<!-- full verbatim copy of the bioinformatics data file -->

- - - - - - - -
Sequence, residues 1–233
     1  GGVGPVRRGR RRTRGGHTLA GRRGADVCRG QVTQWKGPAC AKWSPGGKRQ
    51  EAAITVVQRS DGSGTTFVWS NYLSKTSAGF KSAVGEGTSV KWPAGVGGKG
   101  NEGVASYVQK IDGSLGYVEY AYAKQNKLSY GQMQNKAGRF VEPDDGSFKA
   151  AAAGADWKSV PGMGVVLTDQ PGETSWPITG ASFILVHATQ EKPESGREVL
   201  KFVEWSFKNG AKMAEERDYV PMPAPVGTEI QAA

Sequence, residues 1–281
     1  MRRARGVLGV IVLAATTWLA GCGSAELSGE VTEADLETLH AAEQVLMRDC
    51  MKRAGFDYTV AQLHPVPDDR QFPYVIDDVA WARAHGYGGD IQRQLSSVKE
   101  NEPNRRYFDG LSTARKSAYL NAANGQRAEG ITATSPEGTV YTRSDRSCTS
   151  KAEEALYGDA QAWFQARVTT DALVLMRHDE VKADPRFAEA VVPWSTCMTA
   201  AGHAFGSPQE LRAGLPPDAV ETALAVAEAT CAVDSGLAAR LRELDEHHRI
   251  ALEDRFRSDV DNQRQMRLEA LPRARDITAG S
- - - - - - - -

Sequence, residues 1–233
     1  GGVGPVRRGR RRTRGGHTLA GRRGADVCRG QVTQWKGPAC AKWSPGGKRQ
    51  EAAITVVQRS DGSGTTFVWS NYLSKTSAGF KSAVGEGTSV KWPAGVGGKG
   101  NEGVASYVQK IDGSLGYVEY AYAKQNKLSY GQMQNKAGRF VEPDDGSFKA
   151  AAAGADWKSV PGMGVVLTDQ PGETSWPITG ASFILVHATQ EKPESGREVL
   201  KFVEWSFKNG AKMAEERDYV PMPAPVGTEI QAA

Sequence, residues 1–281
     1  MRRARGVLGV IVLAATTWLA GCGSAELSGE VTEADLETLH AAEQVLMRDC
    51  MKRAGFDYTV AQLHPVPDDR QFPYVIDDVA WARAHGYGGD IQRQLSSVKE
   101  NEPNRRYFDG LSTARKSAYL NAANGQRAEG ITATSPEGTV YTRSDRSCTS
   151  KAEEALYGDA QAWFQARVTT DALVLMRHDE VKADPRFAEA VVPWSTCMTA
   201  AGHAFGSPQE LRAGLPPDAV ETALAVAEAT CAVDSGLAAR LRELDEHHRI
   251  ALEDRFRSDV DNQRQMRLEA LPRARDITAG S